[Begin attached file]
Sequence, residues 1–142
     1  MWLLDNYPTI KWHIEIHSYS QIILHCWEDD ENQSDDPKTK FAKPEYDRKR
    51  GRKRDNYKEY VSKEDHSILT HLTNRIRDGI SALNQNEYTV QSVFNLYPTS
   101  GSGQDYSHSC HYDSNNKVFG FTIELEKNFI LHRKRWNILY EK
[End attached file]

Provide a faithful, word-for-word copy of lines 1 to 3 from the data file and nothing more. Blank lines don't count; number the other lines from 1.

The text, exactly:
Sequence, residues 1–142
     1  MWLLDNYPTI KWHIEIHSYS QIILHCWEDD ENQSDDPKTK FAKPEYDRKR
    51  GRKRDNYKEY VSKEDHSILT HLTNRIRDGI SALNQNEYTV QSVFNLYPTS